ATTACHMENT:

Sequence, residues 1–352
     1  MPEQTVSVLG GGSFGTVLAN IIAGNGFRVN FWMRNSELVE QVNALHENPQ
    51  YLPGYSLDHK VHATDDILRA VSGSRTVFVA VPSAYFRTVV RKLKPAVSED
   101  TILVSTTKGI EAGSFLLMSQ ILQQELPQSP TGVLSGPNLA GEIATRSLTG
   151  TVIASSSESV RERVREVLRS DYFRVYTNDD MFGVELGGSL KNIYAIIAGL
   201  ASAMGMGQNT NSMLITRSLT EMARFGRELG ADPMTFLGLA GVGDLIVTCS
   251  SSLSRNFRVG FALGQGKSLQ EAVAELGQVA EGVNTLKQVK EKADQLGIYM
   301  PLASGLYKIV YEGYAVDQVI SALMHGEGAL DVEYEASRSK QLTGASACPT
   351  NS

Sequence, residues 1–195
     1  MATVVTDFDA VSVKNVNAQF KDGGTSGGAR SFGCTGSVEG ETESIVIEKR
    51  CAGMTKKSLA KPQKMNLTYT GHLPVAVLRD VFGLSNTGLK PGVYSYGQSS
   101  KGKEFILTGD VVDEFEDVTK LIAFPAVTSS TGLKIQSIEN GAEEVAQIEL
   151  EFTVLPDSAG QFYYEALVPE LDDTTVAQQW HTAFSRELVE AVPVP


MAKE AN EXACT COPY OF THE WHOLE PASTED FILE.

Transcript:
Sequence, residues 1–352
     1  MPEQTVSVLG GGSFGTVLAN IIAGNGFRVN FWMRNSELVE QVNALHENPQ
    51  YLPGYSLDHK VHATDDILRA VSGSRTVFVA VPSAYFRTVV RKLKPAVSED
   101  TILVSTTKGI EAGSFLLMSQ ILQQELPQSP TGVLSGPNLA GEIATRSLTG
   151  TVIASSSESV RERVREVLRS DYFRVYTNDD MFGVELGGSL KNIYAIIAGL
   201  ASAMGMGQNT NSMLITRSLT EMARFGRELG ADPMTFLGLA GVGDLIVTCS
   251  SSLSRNFRVG FALGQGKSLQ EAVAELGQVA EGVNTLKQVK EKADQLGIYM
   301  PLASGLYKIV YEGYAVDQVI SALMHGEGAL DVEYEASRSK QLTGASACPT
   351  NS

Sequence, residues 1–195
     1  MATVVTDFDA VSVKNVNAQF KDGGTSGGAR SFGCTGSVEG ETESIVIEKR
    51  CAGMTKKSLA KPQKMNLTYT GHLPVAVLRD VFGLSNTGLK PGVYSYGQSS
   101  KGKEFILTGD VVDEFEDVTK LIAFPAVTSS TGLKIQSIEN GAEEVAQIEL
   151  EFTVLPDSAG QFYYEALVPE LDDTTVAQQW HTAFSRELVE AVPVP